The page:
Generally reliable Shimon Shiffer reports in YNET:
The United States has indirectly informed Iran, via two European nations, that it would not back an Israeli strike against the country’s nuclear facilities, as long as Tehran refrains from attacking American interests in the Persian Gulf, Yedioth Ahronoth reported Monday.
According to the report, Washington used covert back-channels in Europe to clarify that the US does not intend to back Israel in a strike that may spark a regional conflict.
In return, Washington reportedly expects Iran to steer clear of strategic American assets in the Persian Gulf, such as military bases and aircraft carriers.
In “liberal-speak”, pundits say that countries don’t have allies, they have interests. That’s incorrect; political leaders have interests…countries still have allies.
I hope that other representatives of the USA will stand with Israel, since it appears the current President would rather throw Israel under the bus…”Hey Iran, stay clear of us, and you can bomb Israel as much as you want.”
The bodies of terrorists killed during terror attacks which murdered hundreds of Israelis will be transferred to the Palestinian Authority this week as a gesture to President Mahmoud Abbas, according to Ynet on Tuesday.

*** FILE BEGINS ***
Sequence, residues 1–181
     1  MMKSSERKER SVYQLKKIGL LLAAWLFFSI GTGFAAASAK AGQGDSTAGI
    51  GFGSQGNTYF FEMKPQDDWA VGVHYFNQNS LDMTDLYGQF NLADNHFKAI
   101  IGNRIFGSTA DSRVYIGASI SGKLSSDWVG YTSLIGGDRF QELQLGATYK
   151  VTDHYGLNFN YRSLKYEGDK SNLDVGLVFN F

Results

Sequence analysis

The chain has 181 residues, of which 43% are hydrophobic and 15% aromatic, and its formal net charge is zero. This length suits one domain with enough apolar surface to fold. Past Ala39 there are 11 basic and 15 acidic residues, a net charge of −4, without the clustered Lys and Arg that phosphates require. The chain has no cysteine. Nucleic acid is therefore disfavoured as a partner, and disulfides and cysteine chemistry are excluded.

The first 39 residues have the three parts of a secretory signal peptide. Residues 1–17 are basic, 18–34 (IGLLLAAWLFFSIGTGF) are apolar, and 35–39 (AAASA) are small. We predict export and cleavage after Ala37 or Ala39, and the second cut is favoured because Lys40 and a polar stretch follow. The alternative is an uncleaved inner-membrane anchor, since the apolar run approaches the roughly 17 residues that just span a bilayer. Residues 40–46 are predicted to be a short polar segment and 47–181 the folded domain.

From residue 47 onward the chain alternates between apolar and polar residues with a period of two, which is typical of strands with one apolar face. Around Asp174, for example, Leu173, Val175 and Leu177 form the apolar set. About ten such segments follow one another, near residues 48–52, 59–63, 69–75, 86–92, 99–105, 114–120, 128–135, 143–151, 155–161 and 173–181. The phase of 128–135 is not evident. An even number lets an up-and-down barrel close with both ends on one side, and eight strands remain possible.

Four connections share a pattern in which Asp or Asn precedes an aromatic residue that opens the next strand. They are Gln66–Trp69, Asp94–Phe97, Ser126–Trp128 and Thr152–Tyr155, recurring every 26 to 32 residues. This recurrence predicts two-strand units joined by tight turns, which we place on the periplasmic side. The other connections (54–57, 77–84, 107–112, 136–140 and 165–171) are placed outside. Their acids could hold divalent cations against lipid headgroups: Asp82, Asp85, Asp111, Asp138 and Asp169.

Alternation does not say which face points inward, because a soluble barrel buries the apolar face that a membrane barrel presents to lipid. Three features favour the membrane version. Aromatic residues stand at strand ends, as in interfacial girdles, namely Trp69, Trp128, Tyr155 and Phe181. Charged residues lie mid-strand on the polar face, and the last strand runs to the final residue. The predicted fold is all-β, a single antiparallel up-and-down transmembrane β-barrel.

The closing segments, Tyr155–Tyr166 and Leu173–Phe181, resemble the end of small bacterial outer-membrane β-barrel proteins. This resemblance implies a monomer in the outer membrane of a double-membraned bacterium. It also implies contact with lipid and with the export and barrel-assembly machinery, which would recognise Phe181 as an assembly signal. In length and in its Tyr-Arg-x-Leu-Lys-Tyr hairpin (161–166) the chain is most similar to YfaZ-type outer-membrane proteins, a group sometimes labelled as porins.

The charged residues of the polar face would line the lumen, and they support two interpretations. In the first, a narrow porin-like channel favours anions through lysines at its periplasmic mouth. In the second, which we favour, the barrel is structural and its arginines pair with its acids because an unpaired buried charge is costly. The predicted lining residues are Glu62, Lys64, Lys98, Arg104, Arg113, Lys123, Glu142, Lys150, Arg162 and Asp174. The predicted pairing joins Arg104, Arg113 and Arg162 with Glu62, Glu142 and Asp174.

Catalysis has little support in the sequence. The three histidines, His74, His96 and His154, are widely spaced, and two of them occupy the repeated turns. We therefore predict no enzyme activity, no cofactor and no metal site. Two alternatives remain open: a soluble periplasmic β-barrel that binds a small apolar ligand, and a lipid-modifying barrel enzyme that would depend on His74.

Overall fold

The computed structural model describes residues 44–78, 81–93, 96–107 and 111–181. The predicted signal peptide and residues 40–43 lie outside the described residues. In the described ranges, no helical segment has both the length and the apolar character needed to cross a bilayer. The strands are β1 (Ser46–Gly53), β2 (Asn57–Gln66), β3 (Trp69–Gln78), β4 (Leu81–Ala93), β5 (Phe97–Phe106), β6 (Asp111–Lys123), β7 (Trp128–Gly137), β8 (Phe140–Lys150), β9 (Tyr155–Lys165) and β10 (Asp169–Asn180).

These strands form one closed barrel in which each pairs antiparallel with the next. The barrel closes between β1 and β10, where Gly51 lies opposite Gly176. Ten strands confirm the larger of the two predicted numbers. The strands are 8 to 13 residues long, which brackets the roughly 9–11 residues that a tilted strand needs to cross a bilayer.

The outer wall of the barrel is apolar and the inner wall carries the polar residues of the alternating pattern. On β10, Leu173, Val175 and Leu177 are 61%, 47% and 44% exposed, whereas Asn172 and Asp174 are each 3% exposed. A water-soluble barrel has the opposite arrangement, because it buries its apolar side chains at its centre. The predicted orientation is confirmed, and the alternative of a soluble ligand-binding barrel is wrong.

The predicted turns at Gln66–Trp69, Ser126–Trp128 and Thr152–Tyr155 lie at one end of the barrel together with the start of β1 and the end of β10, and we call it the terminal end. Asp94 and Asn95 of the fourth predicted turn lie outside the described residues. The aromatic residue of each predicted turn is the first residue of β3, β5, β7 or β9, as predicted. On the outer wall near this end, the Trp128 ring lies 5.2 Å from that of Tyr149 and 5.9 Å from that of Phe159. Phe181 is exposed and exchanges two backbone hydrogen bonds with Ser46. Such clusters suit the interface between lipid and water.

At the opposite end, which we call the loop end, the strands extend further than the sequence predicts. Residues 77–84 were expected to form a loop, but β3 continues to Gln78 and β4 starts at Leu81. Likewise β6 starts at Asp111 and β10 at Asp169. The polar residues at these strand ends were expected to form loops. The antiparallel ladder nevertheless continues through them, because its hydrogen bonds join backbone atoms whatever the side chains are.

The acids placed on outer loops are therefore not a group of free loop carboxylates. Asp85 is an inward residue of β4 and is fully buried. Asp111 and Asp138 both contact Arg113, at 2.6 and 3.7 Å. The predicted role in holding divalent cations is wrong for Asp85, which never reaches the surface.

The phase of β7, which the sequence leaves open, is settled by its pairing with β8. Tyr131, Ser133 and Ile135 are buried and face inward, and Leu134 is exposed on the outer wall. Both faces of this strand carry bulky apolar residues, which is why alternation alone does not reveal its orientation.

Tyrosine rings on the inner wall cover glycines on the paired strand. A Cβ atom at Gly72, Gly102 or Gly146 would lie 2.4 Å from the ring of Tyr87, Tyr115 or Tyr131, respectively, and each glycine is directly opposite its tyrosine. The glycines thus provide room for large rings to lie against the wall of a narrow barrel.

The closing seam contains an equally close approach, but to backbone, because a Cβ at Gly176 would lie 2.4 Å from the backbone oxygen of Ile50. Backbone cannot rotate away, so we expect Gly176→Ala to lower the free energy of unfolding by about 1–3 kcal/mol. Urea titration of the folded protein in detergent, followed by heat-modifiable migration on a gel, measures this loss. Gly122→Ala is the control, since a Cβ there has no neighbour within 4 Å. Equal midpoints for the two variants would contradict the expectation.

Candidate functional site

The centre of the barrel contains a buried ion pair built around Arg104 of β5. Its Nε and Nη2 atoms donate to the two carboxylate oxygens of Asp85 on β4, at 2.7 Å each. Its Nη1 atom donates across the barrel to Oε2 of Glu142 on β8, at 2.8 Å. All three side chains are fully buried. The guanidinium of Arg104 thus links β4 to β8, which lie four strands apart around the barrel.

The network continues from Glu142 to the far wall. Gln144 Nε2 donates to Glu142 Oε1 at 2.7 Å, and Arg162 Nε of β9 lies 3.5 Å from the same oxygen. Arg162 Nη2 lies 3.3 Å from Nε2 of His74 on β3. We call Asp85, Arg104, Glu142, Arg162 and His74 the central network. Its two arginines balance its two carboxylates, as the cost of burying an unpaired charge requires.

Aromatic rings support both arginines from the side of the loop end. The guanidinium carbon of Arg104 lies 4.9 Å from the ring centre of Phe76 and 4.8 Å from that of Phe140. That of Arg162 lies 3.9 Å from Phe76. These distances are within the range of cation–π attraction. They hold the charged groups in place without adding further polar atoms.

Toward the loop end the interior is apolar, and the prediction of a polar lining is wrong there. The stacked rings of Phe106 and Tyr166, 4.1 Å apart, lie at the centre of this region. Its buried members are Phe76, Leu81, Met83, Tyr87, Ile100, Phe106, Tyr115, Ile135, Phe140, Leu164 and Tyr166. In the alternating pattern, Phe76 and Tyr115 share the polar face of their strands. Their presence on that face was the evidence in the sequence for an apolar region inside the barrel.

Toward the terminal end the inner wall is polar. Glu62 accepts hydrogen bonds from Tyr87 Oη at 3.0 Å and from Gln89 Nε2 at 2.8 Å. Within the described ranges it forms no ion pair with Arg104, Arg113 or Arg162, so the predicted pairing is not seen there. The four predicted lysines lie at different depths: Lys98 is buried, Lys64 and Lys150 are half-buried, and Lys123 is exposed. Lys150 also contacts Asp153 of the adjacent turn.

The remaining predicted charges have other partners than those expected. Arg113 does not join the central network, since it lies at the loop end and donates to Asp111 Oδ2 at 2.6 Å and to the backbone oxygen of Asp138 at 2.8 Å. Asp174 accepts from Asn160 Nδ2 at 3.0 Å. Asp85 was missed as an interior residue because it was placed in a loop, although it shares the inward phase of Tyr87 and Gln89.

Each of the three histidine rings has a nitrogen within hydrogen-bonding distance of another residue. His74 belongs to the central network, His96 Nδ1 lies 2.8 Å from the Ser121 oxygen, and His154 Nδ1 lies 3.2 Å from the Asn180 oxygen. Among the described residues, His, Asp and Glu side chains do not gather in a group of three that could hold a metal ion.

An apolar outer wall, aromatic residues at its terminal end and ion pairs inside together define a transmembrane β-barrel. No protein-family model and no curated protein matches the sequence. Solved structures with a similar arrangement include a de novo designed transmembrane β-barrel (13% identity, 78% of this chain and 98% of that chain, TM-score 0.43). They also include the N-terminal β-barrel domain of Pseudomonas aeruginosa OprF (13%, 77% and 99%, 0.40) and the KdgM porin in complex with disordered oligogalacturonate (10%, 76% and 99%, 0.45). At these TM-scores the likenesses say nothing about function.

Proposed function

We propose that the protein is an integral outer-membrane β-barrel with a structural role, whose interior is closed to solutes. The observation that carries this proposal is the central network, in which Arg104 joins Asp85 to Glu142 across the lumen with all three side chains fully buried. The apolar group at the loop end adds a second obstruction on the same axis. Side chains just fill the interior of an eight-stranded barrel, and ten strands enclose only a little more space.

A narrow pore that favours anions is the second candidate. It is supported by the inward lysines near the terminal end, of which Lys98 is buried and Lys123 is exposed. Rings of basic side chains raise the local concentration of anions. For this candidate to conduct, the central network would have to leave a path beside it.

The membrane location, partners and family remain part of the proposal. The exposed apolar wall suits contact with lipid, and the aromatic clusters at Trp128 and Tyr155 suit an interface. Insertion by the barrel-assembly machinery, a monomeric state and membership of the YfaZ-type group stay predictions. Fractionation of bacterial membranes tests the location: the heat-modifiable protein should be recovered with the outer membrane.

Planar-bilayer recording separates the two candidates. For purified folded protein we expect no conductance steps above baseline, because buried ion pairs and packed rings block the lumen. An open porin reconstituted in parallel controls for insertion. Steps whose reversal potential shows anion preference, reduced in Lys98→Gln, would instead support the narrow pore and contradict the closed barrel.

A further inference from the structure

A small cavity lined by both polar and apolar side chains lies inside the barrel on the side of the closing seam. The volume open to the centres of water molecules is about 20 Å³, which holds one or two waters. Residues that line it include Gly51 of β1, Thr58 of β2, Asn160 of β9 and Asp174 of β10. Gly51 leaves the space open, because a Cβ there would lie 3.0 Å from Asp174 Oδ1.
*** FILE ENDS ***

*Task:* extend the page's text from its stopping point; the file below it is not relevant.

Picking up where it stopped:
According to Ynet, the transfer was arranged by prime ministerial envoy Yitzhak Molcho during a meeting with Abbas in early May.
The remains include the terrorists who murdered seven people, including celebrated Shaarei Zedek emergency room physician Dr. David Appelbaum and his daughter, bride-to-be Nava, at Jerusalem’s Café Hillel in 2003, a murderer of 18 on Jerusalem’s bus, two terrorists who detonated themselves on buses in Beersheva, killing 16 people, a female terrorist who killed 3 at a mall in Afula in 2003, a suicide bomber who killed four Israelis at the Tel Aviv Stage nightclub in 2005, and a killer who murdered 5 Israelis and injured 32 others on the 20 bus in Ramat Gan in 1995.
Israel will also transfer the bodies of terrorists who killed 8 hostages before being killed by Israeli commandoes in 1975 at the Savoy Hotel in Tel Aviv.
The bodies are expected in Ramallah on Thursday, and will be received in an official welcoming ceremony which Abbas will attend.
Yishai and Malkah reflect on the reaction to a recent article written by Yishai about Jonathan Pollard and the potential guilt we, as modern Jews, would face if he were to die in prison in the United States. Yishai ponders the strong emotions expressed in the many comments posted on the article published originally on JewishPress.com and then re-posted on Ynet. Malkah lets us in on a potential new career choice in stark contrast to her current position as an activist and journalist; and shares her exciting adventure helping a young family handle a new arrival on the holiday of Passover. Yishai and Malkah end the segment by talking about their recent tour around Jerusalem on Segways.